Filling Advice and Consent Positions at the Outset of a New Administration [December 18, 2008]   [open pdf - 3MB]

"In its 2004 report, the 9/11 Commission identified what it perceived were shortcomings in the appointment process during presidential transitions. The report asserted that delays in filling top executive branch leadership positions, such as those experienced during the 2000-2001 transition, could compromise national security policy-making in the early months of a new Administration. [...]. The process is likely to develop a bottleneck during this time, even under the best of circumstances, due to the large number of candidates who must be selected, vetted, and, in the case of positions filled through appointment by the President with the advice and consent of the Senate (PAS positions), considered by that body. The advice and consent appointment process has three stages: selection and vetting, Senate consideration, and presidential appointment. Congress has taken steps to accelerate appointments during presidential transitions. In recent decades, Senate committees have provided for pre-nomination consideration of Cabinet-level nominations; examples of such actions are provided in this report. In addition, recently adopted statutory provisions appear designed to facilitate faster processing of appointments during presidential transitions. [...]. The final portion of the report provides comprehensive data and analyses related to the length of time taken during recent party-turnover transitions to fill Cabinet-level positions and selected higher-level subcabinet positions. In general, transition-period Cabinet-level nominees were selected, vetted, considered, and confirmed expeditiously; they generally took office shortly after the new President's inauguration."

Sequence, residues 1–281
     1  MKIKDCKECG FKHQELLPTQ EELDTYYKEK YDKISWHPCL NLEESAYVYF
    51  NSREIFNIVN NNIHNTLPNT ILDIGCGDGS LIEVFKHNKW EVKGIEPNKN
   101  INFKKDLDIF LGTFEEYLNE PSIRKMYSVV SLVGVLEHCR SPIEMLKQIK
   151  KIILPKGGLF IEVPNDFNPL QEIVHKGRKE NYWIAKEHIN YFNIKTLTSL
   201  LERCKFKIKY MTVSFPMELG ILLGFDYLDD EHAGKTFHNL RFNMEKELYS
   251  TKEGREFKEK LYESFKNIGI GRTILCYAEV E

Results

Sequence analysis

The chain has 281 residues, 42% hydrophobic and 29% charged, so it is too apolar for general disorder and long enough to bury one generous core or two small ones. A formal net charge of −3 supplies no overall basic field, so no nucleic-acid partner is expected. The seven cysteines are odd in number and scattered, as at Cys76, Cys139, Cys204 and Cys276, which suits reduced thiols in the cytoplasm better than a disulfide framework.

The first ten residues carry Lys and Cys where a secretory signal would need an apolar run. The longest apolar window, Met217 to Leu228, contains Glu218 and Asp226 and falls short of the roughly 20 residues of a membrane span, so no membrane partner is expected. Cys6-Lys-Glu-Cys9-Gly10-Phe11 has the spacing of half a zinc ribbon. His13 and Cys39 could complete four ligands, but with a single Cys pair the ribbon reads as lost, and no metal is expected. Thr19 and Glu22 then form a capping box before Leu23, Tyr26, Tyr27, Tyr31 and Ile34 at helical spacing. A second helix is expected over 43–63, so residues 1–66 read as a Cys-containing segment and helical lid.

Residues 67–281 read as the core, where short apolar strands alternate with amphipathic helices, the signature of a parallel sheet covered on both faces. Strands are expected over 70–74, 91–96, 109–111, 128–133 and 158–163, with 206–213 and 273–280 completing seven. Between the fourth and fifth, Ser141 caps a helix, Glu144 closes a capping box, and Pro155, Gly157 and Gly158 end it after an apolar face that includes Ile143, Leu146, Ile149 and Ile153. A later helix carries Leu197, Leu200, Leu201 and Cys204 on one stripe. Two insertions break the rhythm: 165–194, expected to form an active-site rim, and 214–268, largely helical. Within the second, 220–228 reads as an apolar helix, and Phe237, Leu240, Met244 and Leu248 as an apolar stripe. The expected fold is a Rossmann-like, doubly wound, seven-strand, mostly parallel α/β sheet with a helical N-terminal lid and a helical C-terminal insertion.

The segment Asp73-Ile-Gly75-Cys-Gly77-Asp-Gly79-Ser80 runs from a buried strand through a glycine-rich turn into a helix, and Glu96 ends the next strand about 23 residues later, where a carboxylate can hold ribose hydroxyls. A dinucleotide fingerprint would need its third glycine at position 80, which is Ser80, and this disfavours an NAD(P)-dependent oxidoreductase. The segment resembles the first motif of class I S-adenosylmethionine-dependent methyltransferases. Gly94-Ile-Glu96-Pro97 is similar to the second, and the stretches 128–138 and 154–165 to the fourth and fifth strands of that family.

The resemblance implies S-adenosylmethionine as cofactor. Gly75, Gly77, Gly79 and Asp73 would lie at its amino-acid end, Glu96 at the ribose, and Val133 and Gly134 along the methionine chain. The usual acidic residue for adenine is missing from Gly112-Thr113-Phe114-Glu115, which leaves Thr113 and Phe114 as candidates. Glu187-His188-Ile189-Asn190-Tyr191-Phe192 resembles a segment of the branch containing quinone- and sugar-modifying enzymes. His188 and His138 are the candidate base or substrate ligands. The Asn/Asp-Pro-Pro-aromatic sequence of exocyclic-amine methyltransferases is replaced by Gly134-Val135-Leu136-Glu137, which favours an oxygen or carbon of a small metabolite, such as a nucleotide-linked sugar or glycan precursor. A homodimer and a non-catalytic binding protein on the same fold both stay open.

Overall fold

Report Number:
CRS Report for Congress, R40119
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